My favorite authors are those who were at times as interesting in their personal lives as their writing, sometimes more so. Their lifestyles and psychological profiles are the greatest creative statements, the conflicting triumphs and failures inherent in the artist. A man like F. Scott Fitzgerald is as fascinating (and tragic) as any character he could have created, and perhaps that is why his creations, even at their worst, are so sympathetic. Fitzgerald was the central character of a story truly worth experiencing.
Jack Kerouac is another example of a man whose life was the purest expression of the artistic temperament. Since the end of the Beat Generation, Kerouac’s reputation has risen and fallen like the stock market, and now he’s mostly dismissed by a certain crowd of people who associate him with those people who are often most affected by his writing: Teenagers who read “On The Road” and suddenly start talking like the world is too small for them. To be fair, Kerouac was not the greatest writer, but his writing certainly has a vibrancy and rhythm that few can match (if you’ve read Kerouac’s well known novels and haven’t made up your mind about him one way or the other, may I suggest you read The Subterraneans; a different side of him).
But forget Kerouac’s writing (and what percentage of it was fact rather than fiction), and focus on the life. Is there anybody in the past 100 years whose life has sprung such a profound artistic movement? If you read Kerouac’s writings, you’ll actually see that Kerouac himself wasn’t really all that crazy and out there, and if anything, he comes across as almost timid and reserved next to the other characters in his books, especially Dean Moriarty (Neal Cassady). Regardless, there is still an openness to living a life outside of the typewriter’s ribbon. Say what you will about Kerouac’s ability, but for all their talent, Henry James or Cormac McCarthy will never transform generations the way Kerouac did (this is not a criticism of those author’s writing or their lives, just an observation).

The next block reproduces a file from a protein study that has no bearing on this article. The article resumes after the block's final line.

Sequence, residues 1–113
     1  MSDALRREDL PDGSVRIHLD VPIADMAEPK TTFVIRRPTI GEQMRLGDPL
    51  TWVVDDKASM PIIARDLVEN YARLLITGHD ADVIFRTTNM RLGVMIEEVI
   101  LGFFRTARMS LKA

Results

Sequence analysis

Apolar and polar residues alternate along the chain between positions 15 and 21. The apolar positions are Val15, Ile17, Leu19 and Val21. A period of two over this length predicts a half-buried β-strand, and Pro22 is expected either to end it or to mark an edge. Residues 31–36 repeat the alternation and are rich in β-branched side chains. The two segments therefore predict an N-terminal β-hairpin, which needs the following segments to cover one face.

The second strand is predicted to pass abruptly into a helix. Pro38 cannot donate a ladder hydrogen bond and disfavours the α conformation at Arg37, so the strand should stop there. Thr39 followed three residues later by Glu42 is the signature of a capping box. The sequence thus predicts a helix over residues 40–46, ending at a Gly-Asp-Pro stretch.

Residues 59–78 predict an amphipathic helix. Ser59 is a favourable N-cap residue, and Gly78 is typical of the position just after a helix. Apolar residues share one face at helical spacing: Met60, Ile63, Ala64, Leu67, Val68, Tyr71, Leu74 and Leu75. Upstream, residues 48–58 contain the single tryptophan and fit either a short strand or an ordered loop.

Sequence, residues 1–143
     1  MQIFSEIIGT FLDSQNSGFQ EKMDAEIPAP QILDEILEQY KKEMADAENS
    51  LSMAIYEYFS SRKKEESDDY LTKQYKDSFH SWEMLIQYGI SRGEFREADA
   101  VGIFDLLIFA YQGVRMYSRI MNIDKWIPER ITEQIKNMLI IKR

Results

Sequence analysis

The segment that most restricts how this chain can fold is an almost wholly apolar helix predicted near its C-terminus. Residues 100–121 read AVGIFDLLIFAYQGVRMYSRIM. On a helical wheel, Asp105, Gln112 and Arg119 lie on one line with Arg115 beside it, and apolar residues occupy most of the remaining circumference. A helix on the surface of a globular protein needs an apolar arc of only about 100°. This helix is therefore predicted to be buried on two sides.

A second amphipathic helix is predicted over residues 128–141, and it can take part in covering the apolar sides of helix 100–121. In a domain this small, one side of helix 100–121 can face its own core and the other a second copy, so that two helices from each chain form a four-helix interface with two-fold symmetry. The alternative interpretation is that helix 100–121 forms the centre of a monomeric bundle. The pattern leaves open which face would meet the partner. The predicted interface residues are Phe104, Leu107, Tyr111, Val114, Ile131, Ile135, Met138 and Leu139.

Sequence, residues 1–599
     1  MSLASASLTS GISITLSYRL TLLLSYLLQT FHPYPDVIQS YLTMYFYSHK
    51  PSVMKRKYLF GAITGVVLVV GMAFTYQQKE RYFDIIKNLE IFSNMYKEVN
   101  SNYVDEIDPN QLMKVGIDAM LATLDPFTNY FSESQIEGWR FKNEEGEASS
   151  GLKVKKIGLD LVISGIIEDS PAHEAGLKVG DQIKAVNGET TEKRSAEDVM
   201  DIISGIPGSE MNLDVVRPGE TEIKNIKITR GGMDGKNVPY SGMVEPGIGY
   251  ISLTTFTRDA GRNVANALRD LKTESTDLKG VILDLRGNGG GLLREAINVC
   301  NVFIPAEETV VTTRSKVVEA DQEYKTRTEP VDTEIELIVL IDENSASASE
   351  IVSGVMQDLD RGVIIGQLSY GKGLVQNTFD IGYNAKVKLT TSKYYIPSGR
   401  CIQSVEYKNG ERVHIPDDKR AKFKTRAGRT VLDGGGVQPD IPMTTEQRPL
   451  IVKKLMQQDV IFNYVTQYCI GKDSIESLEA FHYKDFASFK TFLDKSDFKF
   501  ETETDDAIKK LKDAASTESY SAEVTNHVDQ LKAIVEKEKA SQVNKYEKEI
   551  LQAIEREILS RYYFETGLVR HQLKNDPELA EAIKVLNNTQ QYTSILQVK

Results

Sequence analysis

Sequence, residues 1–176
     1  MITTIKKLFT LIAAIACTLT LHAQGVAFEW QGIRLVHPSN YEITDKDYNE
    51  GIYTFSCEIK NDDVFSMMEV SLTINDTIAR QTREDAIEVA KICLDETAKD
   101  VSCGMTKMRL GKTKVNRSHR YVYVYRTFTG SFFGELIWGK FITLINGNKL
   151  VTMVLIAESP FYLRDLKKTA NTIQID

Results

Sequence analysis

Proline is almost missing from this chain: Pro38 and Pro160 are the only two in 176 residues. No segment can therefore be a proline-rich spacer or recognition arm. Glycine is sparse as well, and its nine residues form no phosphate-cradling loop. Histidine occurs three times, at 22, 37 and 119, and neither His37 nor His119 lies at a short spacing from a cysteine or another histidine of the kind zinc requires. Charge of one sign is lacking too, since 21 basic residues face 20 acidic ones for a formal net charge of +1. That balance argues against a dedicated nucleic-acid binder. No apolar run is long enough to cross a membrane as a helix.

Did Kerouac think about his life as the living embodiment of art? Who knows. It’s doubtful that Fitzgerald ever did. But these men, for me, represent the perfect examples of artists whose lives were as expressive as their work.
Living life as art is a rare gift, something that can rightfully be considered a First World indulgence. Or, perhaps, American excess. The struggles of a Lost Boy in Sudan can make for heart-wrenching, beautiful literature, but you wouldn’t call that life artistic, per se. I know that what I am writing isn’t a universal message. I’m not trying to start a religion (that’ll come in a few years). But I also know that most of my friends, family and acquaintances are of the generally comfortable variety. You watch episodes of The Office and download the latest Ryan Adams album while eating Taco Bell or texting your friends about whether to see Hot Tub Time Machine or go play mini golf.